Is “Unconditional Forgiveness” Biblical?
Going up to an unrepentant person and telling them they’re forgiven implies they don’t need to repent at all and that all is fine in their sin- it’s basically being doormats that invite being taken advantage of. Releasing them before God and trusting Him to deal with them is a lot different than just telling them we forgive them and thereby acting like everything’s okay when it’s really not. If our enemy hungers or thirsts, we should meet their need and demonstrate the love of God out of good will. But they are still our enemies until they repent- and to act like everything’s alright when it’s not isn’t being truthful.
“31 Let all bitterness, and wrath, and anger, and clamour, and evil speaking, be put away from you, with all malice: 32 And be ye kind one to another, tenderhearted, forgiving one another, even as God for Christ’s sake hath forgiven you.” (Ephesians 4:31-32)
How did Christ forgive us? Kindly, tenderheartedly- of course. But without our sincere repentance? Of course not. This is of course lines up with what we see in Luke 17:3-4 and Matthew 18:15-35.
The heart we should have towards a backslidden Christian separated from a Christian fellowship due to living in sin is seen here. “4 For out of much affliction and anguish of heart I wrote unto you with many tears; not that ye should be grieved, but that ye might know the love which I have more abundantly unto you. 5 But if any have caused grief, he hath not grieved me, but in part: that I may not overcharge you all.” (2 Cor. 2:4-5) This is of course a reference back to Paul writing 1 Corinthians chapter 5.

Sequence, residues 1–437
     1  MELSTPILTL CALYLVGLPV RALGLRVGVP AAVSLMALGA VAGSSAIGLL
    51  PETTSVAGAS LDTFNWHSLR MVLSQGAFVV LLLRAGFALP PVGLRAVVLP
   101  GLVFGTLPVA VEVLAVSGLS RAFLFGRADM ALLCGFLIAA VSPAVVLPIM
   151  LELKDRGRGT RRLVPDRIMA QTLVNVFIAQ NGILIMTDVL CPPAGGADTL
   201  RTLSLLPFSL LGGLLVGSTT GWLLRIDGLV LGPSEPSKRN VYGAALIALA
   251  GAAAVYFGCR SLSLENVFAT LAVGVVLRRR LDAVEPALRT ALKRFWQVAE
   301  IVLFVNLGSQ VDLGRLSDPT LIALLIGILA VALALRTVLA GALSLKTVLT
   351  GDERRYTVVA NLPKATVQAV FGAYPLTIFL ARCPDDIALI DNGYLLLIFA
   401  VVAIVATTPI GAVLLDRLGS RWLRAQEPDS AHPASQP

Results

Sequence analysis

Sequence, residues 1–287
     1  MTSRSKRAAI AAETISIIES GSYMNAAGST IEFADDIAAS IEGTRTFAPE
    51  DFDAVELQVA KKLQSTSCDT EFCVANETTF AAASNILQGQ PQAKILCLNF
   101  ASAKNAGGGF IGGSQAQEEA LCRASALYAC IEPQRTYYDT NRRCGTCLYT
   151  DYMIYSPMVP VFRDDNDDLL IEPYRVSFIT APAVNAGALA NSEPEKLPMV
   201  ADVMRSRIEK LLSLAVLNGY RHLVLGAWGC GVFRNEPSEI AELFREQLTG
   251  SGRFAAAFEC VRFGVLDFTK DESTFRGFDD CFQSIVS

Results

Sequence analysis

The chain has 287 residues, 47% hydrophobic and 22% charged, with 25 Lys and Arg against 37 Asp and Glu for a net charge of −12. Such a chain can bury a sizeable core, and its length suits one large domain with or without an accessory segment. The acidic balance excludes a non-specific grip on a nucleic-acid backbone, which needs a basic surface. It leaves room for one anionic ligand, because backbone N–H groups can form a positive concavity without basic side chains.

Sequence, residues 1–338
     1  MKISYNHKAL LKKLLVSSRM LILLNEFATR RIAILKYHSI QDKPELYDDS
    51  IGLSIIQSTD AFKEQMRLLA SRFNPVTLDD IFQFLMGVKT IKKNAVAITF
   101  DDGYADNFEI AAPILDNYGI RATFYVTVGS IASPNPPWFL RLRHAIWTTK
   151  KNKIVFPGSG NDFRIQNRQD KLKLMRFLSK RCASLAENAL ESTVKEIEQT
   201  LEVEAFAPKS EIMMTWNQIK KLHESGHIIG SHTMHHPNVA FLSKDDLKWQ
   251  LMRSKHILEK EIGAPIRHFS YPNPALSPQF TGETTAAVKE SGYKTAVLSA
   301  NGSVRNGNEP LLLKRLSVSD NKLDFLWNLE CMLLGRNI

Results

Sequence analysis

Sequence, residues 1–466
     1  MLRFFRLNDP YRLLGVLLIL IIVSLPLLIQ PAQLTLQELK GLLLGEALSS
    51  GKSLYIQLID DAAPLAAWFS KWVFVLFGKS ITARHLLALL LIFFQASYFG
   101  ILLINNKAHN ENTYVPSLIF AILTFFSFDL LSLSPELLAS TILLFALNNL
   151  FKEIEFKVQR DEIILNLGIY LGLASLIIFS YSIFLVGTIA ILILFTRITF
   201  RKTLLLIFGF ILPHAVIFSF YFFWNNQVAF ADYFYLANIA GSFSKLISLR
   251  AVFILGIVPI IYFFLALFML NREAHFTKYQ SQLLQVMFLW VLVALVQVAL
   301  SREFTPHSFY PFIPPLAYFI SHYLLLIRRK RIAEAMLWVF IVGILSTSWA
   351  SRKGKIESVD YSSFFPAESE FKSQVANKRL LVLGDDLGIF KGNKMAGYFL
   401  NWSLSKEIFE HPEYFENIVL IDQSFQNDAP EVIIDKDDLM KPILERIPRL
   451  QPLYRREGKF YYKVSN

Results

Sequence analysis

Now by the time of 2 Corinthians being written the church discipline prescribed in 1 Corinthians chapter 5 did bring the man to repentance. The discipline being implemented implied he wasn’t forgiven at the time it was implemented, otherwise the church wouldn’t have been commanded to remove him from their fellowship. Now we see that the man had repented by the time Paul wrote 2 Corinthians, as proven by the following verse. “6 Sufficient to such a man is this punishment, which was inflicted of many.” (2 Corinthians 2:6)
So now that the man had repented, he was to be dealt with differently (contrariwise) by the church as compared to how he was dealt with before he repented.
“7 So that contrariwise ye ought rather to forgive him, and comfort him, lest perhaps such a one should be swallowed up with overmuch sorrow. 8 Wherefore I beseech you that ye would confirm your love toward him. 9 For to this end also did I write, that I might know the proof of you, whether ye be obedient in all things. 10 To whom ye forgive any thing, I forgive also: for if I forgave any thing, to whom I forgave it, for your sakes forgave I it in the person of Christ;
This obviously implies that they should not have forgiven him before he repented. Doing that would actually be enabling and justifying his sin (could this be why many advocate and contend for unconditional forgiveness?). Jesus said “3 Take heed to yourselves: If thy brother trespass against thee, rebuke him; and if he repent, forgive him. 4 And if he trespass against thee seven times in a day, and seven times in a day turn again to thee, saying, I repent; thou shalt forgive him.” (Luke 17:3-4)